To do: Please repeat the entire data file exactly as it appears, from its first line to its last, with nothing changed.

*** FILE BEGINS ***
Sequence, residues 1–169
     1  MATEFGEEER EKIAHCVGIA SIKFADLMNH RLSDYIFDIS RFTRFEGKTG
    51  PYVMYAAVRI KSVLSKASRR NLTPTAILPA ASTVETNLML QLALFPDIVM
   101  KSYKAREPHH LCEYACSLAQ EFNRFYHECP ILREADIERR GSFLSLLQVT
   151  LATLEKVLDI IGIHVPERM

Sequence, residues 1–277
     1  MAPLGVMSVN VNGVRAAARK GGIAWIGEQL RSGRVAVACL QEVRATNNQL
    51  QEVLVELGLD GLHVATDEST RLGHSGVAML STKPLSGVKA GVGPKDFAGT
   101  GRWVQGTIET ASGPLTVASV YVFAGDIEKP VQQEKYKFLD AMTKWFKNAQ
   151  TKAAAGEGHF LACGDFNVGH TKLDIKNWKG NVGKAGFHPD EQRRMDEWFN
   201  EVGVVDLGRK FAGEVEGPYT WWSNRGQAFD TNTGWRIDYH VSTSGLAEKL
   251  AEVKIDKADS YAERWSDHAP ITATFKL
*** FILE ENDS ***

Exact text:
Sequence, residues 1–169
     1  MATEFGEEER EKIAHCVGIA SIKFADLMNH RLSDYIFDIS RFTRFEGKTG
    51  PYVMYAAVRI KSVLSKASRR NLTPTAILPA ASTVETNLML QLALFPDIVM
   101  KSYKAREPHH LCEYACSLAQ EFNRFYHECP ILREADIERR GSFLSLLQVT
   151  LATLEKVLDI IGIHVPERM

Sequence, residues 1–277
     1  MAPLGVMSVN VNGVRAAARK GGIAWIGEQL RSGRVAVACL QEVRATNNQL
    51  QEVLVELGLD GLHVATDEST RLGHSGVAML STKPLSGVKA GVGPKDFAGT
   101  GRWVQGTIET ASGPLTVASV YVFAGDIEKP VQQEKYKFLD AMTKWFKNAQ
   151  TKAAAGEGHF LACGDFNVGH TKLDIKNWKG NVGKAGFHPD EQRRMDEWFN
   201  EVGVVDLGRK FAGEVEGPYT WWSNRGQAFD TNTGWRIDYH VSTSGLAEKL
   251  AEVKIDKADS YAERWSDHAP ITATFKL